- In an op-ed for the Sun, retired federal Judge Alexander Williams writes extensively about Mandel’s civil rights record. As governor, he is lauded with appointing a number of “firsts” including Joseph Sommerville as the first black sheriff for St. Mary’s County and Benjamin King as the first black member to the State Board of Certified Public Accountants.
- The Sun compiled a gallery of its coverage of Marvin Mandel throughout the years.
DELEGATE TARGETS CHILD ABUSE: Del. Brett Wilson told a new Hagerstown child-abuse prevention group Thursday night that he is looking at ways to help address the problem in a more pro-active way, writes Dave McMillion for the Hagerstown Herald Mail. Wilson talked about two proposals to help reduce child abuse, including early intervention to determine if a family is at risk of falling victim to it.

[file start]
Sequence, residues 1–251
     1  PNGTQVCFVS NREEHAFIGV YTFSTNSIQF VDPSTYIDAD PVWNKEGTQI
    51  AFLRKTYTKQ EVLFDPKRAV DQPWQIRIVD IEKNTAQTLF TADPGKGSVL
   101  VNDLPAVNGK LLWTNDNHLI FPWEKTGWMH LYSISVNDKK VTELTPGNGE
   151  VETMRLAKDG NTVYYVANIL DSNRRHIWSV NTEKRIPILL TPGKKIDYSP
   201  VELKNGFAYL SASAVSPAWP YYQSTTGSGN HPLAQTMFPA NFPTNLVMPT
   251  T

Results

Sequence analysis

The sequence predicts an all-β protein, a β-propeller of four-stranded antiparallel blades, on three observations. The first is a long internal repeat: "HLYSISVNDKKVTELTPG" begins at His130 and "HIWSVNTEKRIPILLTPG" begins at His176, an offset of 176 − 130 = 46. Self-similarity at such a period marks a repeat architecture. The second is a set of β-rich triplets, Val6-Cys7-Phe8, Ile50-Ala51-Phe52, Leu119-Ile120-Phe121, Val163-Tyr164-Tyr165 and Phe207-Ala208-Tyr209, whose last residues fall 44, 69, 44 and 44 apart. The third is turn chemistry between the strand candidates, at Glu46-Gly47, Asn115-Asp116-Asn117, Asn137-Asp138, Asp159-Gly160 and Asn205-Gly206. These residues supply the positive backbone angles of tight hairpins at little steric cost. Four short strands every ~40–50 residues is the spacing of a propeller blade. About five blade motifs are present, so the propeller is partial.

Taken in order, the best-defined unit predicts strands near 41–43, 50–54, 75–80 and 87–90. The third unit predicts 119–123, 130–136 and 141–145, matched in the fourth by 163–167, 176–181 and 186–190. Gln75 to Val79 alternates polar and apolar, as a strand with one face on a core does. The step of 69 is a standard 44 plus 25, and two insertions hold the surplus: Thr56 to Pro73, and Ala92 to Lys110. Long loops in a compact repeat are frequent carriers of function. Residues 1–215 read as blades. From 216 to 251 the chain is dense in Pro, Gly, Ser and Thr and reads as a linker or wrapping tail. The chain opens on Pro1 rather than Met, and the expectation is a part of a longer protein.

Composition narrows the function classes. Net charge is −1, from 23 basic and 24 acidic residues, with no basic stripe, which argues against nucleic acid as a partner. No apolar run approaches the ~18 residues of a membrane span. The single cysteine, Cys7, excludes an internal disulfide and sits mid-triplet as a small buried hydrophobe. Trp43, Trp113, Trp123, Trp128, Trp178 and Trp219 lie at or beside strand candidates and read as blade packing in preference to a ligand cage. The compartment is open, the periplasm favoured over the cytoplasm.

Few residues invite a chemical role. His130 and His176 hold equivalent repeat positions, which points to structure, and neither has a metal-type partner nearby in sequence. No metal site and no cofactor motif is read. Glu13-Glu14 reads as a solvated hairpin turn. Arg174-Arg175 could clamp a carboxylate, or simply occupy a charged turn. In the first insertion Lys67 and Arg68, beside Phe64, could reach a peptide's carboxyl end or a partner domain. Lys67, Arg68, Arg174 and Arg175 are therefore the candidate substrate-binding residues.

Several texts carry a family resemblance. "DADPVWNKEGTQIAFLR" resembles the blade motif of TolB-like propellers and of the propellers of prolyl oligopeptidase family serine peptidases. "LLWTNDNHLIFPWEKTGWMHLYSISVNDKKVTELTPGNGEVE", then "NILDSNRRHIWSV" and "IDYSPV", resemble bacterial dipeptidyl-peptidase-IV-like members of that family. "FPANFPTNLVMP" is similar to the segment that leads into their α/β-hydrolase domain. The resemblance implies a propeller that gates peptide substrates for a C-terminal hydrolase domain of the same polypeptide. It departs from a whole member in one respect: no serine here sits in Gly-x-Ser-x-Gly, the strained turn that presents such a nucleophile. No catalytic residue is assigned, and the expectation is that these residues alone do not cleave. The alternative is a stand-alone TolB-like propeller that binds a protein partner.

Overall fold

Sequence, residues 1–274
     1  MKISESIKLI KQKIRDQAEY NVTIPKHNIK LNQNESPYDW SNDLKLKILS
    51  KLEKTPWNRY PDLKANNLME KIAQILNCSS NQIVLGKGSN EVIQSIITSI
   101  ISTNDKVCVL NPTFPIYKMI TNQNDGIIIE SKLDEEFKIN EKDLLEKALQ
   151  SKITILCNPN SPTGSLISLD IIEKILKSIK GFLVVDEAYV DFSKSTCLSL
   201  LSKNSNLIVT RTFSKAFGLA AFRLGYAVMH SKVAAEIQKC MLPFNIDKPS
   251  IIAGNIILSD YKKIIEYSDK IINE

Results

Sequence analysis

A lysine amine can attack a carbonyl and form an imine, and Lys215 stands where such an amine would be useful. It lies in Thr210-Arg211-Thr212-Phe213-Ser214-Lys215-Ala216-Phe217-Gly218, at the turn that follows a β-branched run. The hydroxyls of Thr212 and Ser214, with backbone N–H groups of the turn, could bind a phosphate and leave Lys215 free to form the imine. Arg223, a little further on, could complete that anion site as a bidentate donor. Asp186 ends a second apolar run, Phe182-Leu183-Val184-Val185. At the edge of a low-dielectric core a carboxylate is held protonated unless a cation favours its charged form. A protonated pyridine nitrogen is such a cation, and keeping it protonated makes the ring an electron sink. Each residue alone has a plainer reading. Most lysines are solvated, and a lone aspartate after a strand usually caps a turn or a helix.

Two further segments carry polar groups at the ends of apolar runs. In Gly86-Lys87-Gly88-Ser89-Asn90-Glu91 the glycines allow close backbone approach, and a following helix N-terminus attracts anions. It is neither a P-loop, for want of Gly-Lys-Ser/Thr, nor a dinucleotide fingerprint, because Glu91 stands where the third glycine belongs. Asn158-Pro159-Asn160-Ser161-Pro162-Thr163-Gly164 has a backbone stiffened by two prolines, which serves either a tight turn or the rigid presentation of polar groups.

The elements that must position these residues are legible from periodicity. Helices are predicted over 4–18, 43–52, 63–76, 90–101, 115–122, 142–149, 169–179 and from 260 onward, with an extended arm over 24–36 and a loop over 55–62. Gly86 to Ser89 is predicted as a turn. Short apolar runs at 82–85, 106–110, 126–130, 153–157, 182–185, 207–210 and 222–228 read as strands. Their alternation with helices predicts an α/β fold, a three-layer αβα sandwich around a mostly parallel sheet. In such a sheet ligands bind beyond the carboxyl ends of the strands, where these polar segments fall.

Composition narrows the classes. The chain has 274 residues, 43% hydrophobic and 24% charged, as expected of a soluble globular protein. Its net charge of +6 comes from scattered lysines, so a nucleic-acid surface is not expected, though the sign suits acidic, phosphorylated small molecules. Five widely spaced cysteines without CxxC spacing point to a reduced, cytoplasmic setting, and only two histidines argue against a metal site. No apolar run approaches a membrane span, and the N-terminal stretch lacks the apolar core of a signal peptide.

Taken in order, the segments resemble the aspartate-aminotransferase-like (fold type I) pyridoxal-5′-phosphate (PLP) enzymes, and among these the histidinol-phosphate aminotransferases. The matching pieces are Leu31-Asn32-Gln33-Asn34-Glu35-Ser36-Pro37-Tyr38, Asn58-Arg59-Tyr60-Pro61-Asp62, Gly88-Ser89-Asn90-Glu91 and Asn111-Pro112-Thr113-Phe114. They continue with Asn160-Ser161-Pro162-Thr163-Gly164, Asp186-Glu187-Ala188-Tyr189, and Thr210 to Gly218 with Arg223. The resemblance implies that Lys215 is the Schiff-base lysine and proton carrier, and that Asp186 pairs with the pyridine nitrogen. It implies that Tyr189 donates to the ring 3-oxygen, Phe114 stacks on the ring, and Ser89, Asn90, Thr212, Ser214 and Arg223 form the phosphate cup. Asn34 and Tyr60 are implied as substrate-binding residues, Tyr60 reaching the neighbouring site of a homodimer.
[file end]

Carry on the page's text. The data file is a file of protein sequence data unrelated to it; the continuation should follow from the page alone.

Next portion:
FROSH CRITICIZES HOGAN: Tamela Baker of the Hagerstown Herald Mail reports that Attorney General Brian Frosh covered a wide range of topics in a talk on Wednesday that included a critique of Gov. Larry Hogan’s administration in which he chided the governor for pulling back on environmental regulations that led to more pollution from power plants and poultry farms. But he spent most of his time explaining his office and priorities, including defending consumers, protecting the environment, making neighborhoods safer and fighting the heroin epidemic.